With the orthodox logics of ‘map making’ standing on shaky ground, geographers should interrogate what materials, practices, and discourses are mobilized in the imagining and constructing of volumes and what they might do to the making of more volumetric futures.

Papers may address any of the following (non-exhaustive) topics:

• Making and unmaking geographical imaginations and volumetric sovereignties
• Social and geopolitical constructions of environmental objects (ice, air, water, etc.)
• Intersections of the geopolitical, geological, biopolitical, and cartographical
• Terraforming and new technologies of ‘writing’ the landscape
• Maps, counter maps, and their scope for realizing other ‘horizons of possibility’ (Pandian 2019)

To participate, please send paper titles and abstracts (250 words maximum) to Mia Bennett (mbennett@hku.hk) and Klaus Dodds (k.dodds@rhul.ac.uk). We will notify authors of paper acceptance on a rolling basis starting on 19 October and organize the session as an either in-person or virtual session accordingly (though most likely as a virtual session).

Participants in this session will have an opportunity to submit their paper to a planned special issue in Territory, Politics, Governance.

References

Anghie, A. 1996. Francisco de Vitoria and the Colonial Origins of International Law. Social and Legal Studies 5 (3):321–336.
Belmessous, S. 2012. Native Claims: Indigenous Law Against Empire, 1500-1920. Oxford: Oxford University Press.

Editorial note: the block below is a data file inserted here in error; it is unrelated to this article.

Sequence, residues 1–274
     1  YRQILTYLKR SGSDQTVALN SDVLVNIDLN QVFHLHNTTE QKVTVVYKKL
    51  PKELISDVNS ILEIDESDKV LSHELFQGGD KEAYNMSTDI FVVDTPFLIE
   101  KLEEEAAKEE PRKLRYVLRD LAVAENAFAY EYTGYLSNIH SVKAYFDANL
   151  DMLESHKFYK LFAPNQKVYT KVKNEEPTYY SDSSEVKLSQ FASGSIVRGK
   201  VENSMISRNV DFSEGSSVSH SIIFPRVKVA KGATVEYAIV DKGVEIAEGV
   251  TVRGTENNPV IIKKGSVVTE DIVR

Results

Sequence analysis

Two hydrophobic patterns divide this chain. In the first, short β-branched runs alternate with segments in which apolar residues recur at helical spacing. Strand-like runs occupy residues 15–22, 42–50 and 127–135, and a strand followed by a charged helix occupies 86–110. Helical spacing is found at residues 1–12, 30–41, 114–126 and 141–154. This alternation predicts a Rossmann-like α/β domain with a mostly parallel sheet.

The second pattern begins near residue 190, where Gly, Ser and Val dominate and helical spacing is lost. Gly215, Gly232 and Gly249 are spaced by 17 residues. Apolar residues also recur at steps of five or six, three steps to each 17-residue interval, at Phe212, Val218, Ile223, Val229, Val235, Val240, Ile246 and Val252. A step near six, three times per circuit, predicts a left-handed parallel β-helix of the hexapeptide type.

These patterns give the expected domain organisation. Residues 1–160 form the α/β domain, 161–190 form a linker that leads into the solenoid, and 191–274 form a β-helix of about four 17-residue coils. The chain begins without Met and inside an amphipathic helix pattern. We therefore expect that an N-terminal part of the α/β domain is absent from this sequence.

Chu, P.-Y. 2015. Mapping permafrost country: Creating an environmental object in the Soviet Union, 1920s-1940s. Environmental History 20 (3):396–421.
———. 2021. The Life of Permafrost: A History of Frozen Earth in Russian and Soviet Science. Toronto: University of Toronto Press.
Dunne, T. 1997. Colonial encounters in international relations: Reading Wight, writing Australia. Australian Journal of International Affairs 51 (3):309–323.
Elden, S. 2013. Secure the volume: Vertical geopolitics and the depth of power. Political Geography 34:35–51.
Jamieson, W. 2017. There’s sand in my infinity pool: Land reclamation and the rewriting of Singapore. GeoHumanities 3 (2):396–413.
Klinger, J. M. 2019. Environmental geopolitics and outer space. Geopolitics 0 (0):1–38.
Pandian, A. 2019. A Possible Anthropology: Methods for Uneasy Times. Chapel Hill, NC: Duke University Press.
Peters, K., and J. Turner. 2018. Unlock the volume: Towards a politics of capacity. Antipode 50 (4):1037–1056.
Povinelli, E. 2016. Geontologies: A Requiem to Late Liberalism. Durham, NC: Duke University Press.
Rice, S., J. A. Tyner, M. Munro-Stasiuk, S. Kimroy, and S. Sirik. 2016. Making land to make life: island-building in the South China Sea and the biopolitics of geophysical transformation. Geographical Journal 182 (4):444–448.
Sammler, K. G. 2019. The rising politics of sea level: demarcating territory in a vertically relative world. Territory, Politics, Governance 0 (0):1–17.
Steinberg, P. E. 2001. The Social Construction of the Ocean. Cambridge: Cambridge University Press.
Yusoff, K. 2018. A Billion Black Anthropocenes or None. Minneapolis, MN: University of Minnesota Press.


Agenda

Type Details Minutes Start Time
Presenter Melanie Ford Lemus*, Rice University, What is a Barranco? On definitional irregularities in Guatemala City 15 12:00 AM
Presenter Paloma Puente-Lozano*, University Carlos III of Madrid (Spain), Alexia Herring, University Carlos III of Madrid, Title: Reshaping outer space’s geopolitical imaginations. 15 12:00 AM
Presenter Chao Yao*, , Jun WANG, City University of Hong Kong, Archipelago: territory, technology, and power network——Special Zones in Cambodia in the context of BRI 15 12:00 AM
Presenter Galen Murton*, James Madison University, The Power of Blank Spaces in Building a New Nepal 15 12:00 AM
Discussant Gustavo Oliveira University of California - Irvine 15 12:00 AM